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What is the charge that results when oxygen becomes an ion?

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Last updated date: 20th May 2024
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Answer
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Hint :Oxygen belongs to the sixth group in the periodic table. So, it contains six electrons in its valence shell. It means that it needs to gain two electrons to obey the octet rule and have a full outer shell of eight electrons. It gains two electrons from other atoms in reactions and forms an oxide ion.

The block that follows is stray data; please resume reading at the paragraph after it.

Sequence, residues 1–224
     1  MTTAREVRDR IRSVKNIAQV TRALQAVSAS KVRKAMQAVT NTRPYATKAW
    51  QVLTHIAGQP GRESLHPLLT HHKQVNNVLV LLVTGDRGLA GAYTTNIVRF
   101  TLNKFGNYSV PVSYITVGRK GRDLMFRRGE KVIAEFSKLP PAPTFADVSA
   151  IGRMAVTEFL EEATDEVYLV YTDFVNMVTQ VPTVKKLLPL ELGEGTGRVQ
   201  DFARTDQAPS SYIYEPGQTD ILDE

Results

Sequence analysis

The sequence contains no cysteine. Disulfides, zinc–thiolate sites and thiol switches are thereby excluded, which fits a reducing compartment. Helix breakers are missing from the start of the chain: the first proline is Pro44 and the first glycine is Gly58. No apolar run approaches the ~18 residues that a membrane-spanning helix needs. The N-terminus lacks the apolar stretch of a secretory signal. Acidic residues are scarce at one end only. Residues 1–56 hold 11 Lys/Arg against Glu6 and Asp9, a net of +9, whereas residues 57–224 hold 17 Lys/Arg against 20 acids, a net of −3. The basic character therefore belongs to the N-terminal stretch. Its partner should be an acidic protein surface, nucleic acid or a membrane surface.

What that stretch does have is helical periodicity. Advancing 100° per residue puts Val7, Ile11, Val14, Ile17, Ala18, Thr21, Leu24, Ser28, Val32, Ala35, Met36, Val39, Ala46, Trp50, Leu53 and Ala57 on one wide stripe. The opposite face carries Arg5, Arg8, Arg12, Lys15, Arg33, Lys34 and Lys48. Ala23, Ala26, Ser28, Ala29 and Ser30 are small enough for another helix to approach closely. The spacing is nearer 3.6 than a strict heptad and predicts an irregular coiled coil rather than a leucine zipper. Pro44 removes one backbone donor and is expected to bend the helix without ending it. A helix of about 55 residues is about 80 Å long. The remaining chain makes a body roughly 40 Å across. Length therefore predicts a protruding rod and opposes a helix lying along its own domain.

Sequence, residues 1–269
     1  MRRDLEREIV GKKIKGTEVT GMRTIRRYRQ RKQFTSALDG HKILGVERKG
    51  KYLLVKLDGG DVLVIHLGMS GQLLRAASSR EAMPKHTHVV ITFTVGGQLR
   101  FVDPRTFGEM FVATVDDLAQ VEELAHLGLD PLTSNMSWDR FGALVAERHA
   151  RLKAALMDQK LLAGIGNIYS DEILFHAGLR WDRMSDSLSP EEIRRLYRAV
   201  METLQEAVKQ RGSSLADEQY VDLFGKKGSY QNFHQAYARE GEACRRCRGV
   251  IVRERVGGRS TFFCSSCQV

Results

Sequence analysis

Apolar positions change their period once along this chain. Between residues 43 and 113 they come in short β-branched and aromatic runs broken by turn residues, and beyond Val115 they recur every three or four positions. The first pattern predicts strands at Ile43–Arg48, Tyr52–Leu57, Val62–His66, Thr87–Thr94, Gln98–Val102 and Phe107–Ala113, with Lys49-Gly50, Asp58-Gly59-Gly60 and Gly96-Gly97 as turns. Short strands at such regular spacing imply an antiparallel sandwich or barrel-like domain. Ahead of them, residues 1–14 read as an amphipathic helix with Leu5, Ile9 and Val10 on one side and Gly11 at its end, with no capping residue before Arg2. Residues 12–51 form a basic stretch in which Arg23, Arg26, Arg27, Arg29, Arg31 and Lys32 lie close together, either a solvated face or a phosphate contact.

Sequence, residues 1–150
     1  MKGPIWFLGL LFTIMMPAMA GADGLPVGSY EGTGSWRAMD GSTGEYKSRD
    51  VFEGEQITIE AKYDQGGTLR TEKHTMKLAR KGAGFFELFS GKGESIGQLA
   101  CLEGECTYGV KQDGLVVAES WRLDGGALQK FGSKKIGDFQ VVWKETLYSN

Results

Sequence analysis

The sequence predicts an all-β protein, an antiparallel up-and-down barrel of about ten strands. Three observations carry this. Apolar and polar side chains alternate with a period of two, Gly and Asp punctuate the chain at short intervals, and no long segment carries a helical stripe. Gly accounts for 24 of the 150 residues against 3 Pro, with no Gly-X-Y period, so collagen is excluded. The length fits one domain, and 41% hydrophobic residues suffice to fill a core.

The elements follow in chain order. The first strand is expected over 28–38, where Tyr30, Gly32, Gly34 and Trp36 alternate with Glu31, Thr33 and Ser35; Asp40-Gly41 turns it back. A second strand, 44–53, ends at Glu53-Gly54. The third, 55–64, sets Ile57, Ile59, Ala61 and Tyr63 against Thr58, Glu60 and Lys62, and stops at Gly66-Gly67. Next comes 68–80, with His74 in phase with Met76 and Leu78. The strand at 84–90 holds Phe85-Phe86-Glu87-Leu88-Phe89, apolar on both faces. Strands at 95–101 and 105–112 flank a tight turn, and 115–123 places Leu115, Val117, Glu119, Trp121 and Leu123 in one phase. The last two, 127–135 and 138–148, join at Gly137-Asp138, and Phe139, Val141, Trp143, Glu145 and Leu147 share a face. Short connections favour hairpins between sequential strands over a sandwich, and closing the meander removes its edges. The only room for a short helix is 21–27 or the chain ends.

Complete Step By Step Answer:
The element oxygen has six valence electrons. To fill up the valence shell the oxygen atom needs two more electrons. As every electron has a single negative charge, adding two more electrons gives oxygen ion a charge of $ 2 $ . Oxygen needs two electrons to fill its outermost electron shell. Hydrogen has one electron to bond with. So, an oxygen atom needs two hydrogens to bond to in order to complete its shell. After gaining two electrons, the oxygen ion has $ 10 $ electrons and $ 8 $ protons, giving the oxygen ion a net charge of $ - 2 $ . The oxygen ion is generally represented as $ {O^{ - 2}} $ .
Therefore, the charge that results when oxygen becomes an ion is $ - 2 $ .

Note :
An oxygen molecule consists of two oxygen atoms that have a double bond between each other and share valence electrons. The oxygen ion is formed when the atom of oxygen gains two valence electrons. This results in an oxygen ion with a charge of $ - 2 $ .
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